Comparing 1800-1600 Ma accretionary and basin processes in Australia and Laurentia

Possible geographic connections in Columbia

P. G. Betts*, D. Giles, B. F. Schaefer

*Corresponding author for this work

Research output: Contribution to journalArticle

97 Citations (Scopus)


We focus on potential pinning points on the southern and eastern margins of Australia and the southern and western margins of Laurentia and interpret a convergent plate boundary along the southern margin of the proto-Australian continent during the Palaeo- to Mesoproterozoic (1800-1600 Ma). Specific geological events within the southern Australian margin can be correlated with events preserved along the Medicine Bow-Yavapai-Mazatzal Belt in southwestern Laurentia. These belts were characterised by southward continental growth with varying degrees of crustal reworking and accretion of juvenile material. In Australia crustal reworking appears to have been the dominant process from 1800 to 1670 Ma, with more juvenile material accreted at 1620 Ma. In contrast, the Southern Laurentian terranes were dominated by accretion of juvenile material from 1800 to 1620 Ma, although reworked continental crust was also accreted to the margin. In the interior of both continents basins developed with comparable histories from 1800 to 1670 Ma. Thereafter the evolution of the interior basins diverged, with sag-phase processes dominant in Northern Australia and a protracted depositional hiatus in Laurentia. The geologic evolution is consistent with palaeomagnetic data and provides further evidence for geographic links between Eastern Australia and Western Laurentia from 1800 to 1600 Ma.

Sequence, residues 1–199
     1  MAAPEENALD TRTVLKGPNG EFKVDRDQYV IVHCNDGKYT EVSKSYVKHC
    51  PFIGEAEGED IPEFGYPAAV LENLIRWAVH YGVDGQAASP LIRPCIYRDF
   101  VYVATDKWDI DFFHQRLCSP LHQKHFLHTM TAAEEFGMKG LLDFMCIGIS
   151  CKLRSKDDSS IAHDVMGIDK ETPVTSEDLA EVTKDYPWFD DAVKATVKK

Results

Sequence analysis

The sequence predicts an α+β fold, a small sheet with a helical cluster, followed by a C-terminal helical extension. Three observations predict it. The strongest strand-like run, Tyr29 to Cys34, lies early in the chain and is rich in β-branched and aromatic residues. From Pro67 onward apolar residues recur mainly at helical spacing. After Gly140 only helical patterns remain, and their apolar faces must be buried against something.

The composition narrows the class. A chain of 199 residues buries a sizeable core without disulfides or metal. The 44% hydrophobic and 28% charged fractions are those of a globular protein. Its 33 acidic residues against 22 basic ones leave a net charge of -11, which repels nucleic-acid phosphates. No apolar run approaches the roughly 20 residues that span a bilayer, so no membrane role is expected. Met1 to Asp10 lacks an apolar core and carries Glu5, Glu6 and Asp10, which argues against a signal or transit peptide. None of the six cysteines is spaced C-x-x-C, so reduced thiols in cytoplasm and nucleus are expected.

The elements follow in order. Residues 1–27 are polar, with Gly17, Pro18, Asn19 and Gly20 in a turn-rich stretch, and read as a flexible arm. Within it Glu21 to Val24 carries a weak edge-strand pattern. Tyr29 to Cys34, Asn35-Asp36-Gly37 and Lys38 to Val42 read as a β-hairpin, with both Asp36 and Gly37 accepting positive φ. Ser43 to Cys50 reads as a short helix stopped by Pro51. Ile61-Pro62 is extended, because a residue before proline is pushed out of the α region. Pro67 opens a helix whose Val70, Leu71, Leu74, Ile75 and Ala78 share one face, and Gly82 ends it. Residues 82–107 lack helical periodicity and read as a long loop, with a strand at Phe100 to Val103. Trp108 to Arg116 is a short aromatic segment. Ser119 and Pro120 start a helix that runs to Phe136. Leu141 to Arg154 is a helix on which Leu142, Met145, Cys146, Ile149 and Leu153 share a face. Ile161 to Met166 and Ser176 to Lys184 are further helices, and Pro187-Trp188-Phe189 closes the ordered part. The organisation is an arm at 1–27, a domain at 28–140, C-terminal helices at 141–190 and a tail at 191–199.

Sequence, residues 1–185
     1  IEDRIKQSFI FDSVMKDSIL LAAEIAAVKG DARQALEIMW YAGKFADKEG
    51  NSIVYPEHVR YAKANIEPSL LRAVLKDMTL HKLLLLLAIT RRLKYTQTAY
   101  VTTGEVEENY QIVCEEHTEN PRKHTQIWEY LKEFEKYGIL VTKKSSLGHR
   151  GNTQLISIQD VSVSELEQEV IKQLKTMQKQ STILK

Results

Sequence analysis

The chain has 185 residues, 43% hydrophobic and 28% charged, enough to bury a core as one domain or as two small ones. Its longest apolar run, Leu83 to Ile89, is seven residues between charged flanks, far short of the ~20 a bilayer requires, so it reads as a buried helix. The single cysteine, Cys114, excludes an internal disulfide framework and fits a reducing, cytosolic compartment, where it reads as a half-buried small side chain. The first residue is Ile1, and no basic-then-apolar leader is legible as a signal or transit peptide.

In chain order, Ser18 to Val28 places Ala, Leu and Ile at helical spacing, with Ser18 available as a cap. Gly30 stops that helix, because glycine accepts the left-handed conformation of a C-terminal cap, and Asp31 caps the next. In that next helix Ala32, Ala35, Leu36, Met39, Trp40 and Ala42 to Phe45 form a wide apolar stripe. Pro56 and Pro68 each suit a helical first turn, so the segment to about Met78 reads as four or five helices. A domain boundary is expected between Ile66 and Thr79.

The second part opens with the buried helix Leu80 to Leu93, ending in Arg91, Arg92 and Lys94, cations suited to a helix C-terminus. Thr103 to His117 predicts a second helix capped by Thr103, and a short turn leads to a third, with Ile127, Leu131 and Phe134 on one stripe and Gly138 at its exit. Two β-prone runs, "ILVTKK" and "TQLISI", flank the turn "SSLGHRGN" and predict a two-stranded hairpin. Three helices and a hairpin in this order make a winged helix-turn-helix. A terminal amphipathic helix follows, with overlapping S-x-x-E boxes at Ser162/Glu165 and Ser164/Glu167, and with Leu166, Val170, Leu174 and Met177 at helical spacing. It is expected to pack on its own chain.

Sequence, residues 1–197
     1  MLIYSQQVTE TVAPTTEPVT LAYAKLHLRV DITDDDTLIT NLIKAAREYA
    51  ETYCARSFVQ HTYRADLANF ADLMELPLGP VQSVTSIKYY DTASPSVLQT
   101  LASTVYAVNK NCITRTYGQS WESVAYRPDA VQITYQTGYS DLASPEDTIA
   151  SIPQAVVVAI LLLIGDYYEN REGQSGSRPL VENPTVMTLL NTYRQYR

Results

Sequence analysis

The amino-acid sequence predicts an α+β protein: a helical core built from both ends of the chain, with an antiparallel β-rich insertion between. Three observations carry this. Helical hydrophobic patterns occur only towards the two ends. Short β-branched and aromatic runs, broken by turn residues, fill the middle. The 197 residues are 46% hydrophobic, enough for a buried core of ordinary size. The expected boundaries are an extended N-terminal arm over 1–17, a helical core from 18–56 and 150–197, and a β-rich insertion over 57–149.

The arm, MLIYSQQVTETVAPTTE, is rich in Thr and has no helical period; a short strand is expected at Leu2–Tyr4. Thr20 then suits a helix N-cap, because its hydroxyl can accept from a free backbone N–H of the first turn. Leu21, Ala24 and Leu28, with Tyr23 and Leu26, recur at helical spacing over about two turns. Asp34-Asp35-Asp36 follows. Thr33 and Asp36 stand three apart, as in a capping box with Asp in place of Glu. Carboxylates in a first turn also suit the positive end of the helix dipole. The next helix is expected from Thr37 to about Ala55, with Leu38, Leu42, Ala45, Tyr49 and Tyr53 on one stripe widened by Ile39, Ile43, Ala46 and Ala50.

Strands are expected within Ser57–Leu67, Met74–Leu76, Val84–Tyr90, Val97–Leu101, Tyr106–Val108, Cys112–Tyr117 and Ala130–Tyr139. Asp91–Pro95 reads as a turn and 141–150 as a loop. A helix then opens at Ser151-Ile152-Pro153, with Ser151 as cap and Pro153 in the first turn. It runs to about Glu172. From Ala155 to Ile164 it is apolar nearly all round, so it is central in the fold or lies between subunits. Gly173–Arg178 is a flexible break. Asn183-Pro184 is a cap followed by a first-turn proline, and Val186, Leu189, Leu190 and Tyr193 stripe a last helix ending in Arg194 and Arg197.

Original languageEnglish
Pages (from-to)81-92
Number of pages12
JournalPrecambrian Research
Issue number1-4
Publication statusPublished - 30 Oct 2008
Externally publishedYes


  • Accretion
  • Australia
  • Basin evolution
  • Columbia
  • Crustal reworking
  • Laurentia
  • Proterozoic

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